Yep. As long as its and external balance engine.

zildjian4life218 08-02-2012 09:35 PM

Quote:

Originally Posted by bigdog7373 (Post 1579602)
Yep. As long as its and external balance engine.

Alright cool. Thanks for all the input everyone.

PatM 08-02-2012 10:08 PM

If the engine is using 5.7 rods, it's most likely external balanced. Most of the internal balanced cranks require 6.0 rods.
Patm

vinniekq2 08-02-2012 10:53 PM

how did they balance the engine with out all the rotating parts? including balancer and flywheel/flexplate,,,clutch or convertor should be sent in also.Dont forget to balance your new driveshaft too

68NovaSS 08-03-2012 12:03 AM

Quote:

Originally Posted by PatM (Post 1579615)
If the engine is using 5.7 rods, it's most likely external balanced. Most of the internal balanced cranks require 6.0 rods.
Patm

Why do you say that? Rod length has nothing to do with a motor being internally or externally balanced, particularly when using an aftermarket crank.

bigdog7373 08-03-2012 06:51 AM

Quote:

Originally Posted by 68NovaSS (Post 1579646)
Why do you say that? Rod length has nothing to do with a motor being internally or externally balanced, particularly when using an aftermarket crank.

^ X2 on that.

CNC BLOCKS NE 08-03-2012 07:28 AM

Quote:

Originally Posted by 68NovaSS (Post 1579646)
Why do you say that? Rod length has nothing to do with a motor being internally or externally balanced, particularly when using an aftermarket crank.


OHHHHH yes it does as the 5.7 rod crank uses shorter counter weights and in most cases they are extrernally balanced.

A 6 inch rod crank uses bigger or taller counter weights and can be internally balanced.

Thats why all OEM 400's with their short rods are externally balanced.

CNC BLOCKS NE 08-03-2012 07:35 AM

Quote:

Originally Posted by vinniekq2 (Post 1579623)
how did they balance the engine with out all the rotating parts? including balancer and flywheel/flexplate,,,clutch or convertor should be sent in also.Dont forget to balance your new driveshaft too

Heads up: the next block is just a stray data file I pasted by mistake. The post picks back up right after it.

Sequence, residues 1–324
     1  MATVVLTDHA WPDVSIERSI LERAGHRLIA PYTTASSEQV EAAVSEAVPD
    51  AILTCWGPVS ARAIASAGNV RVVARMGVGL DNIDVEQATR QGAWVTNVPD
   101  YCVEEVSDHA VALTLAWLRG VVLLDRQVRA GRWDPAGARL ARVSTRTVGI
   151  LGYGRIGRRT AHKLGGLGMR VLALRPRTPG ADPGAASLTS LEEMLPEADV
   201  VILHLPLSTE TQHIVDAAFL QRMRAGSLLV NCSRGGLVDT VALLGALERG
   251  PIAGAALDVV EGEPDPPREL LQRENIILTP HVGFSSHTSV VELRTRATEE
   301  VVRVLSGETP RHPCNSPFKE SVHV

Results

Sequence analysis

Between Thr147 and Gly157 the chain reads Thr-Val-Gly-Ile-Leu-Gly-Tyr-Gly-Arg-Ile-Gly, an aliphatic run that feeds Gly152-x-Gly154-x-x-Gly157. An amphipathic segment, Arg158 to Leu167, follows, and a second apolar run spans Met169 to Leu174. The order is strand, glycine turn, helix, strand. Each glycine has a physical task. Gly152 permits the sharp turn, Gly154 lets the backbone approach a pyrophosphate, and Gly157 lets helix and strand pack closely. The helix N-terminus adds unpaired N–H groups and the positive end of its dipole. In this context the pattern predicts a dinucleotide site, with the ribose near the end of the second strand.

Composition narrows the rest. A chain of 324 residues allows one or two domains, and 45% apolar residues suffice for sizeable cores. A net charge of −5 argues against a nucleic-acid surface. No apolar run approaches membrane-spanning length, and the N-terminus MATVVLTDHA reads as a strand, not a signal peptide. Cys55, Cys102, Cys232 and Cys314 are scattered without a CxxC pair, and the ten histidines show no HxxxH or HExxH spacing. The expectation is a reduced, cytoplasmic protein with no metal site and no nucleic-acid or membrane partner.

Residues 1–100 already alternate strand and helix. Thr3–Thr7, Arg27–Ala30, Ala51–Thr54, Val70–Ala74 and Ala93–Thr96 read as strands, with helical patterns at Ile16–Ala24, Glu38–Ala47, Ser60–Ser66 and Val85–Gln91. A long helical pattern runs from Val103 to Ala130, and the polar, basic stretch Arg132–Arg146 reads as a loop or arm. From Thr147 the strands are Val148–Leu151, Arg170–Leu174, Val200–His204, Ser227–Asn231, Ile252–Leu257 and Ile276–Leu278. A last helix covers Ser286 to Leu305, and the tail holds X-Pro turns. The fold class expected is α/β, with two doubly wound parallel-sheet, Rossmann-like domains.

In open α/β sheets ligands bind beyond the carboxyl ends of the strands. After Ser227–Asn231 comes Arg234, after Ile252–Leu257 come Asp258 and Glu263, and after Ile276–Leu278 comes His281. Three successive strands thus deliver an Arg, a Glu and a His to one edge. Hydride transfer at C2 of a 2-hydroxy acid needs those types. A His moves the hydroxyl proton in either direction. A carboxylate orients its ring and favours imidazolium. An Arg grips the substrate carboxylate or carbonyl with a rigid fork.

You don't balance clutches!! You migh blanve the flex plates and clutch covers!!!

If you use a neutral balancer they are fine from what I have seen.

A convertor is filled with liquid no need to balance.

Mr. P-Body 08-03-2012 08:21 AM

Most aftermarket forgings ARE "internal". Most castings are not. All of them can be "converted" using Mallory Metal (tungsten) as stated. Not cheap to "convert".

Many shops with a balancer have "on hand", stock 400 balancer and flexplate. We have a Pontiac flexplate that "lives" at the balance shop for this purpose.

The "bolt on" weight is popular among the 383 "crowd" because it allows the use of the "zero" flexplate or flywheel (they usually already have a 350 piece).

The clutch "cover" (pressure plate) is often attached during balancing for manual transmissions. Not used in automatic applications. With modern manufacturing techniques, this has become less an issue than it was 20 years ago.

Lastly, some "myths" about balancing. SAE "standards" are that the rotating assembly is balanced to within 1/2 of 1% of the total rotating "mass". In a 383, that amounts to about 28 grams. Most balance shops routinely balance to within 1 gram, FAR exceeding standards. The slight variations from using different "stock" balancers and flexplates/flywheels are not significant.

For higher revving engines (over 6,500), often "over-balance" is included. That's where the factor for the bob weight is changed from 50% (reciprocating) to a little higher percentage to offset the downward "thrust" under hard accelleration (engine speed, not car speed). High-end "big" engines usually have an over-balance of 4-5%.

FWIW

Jim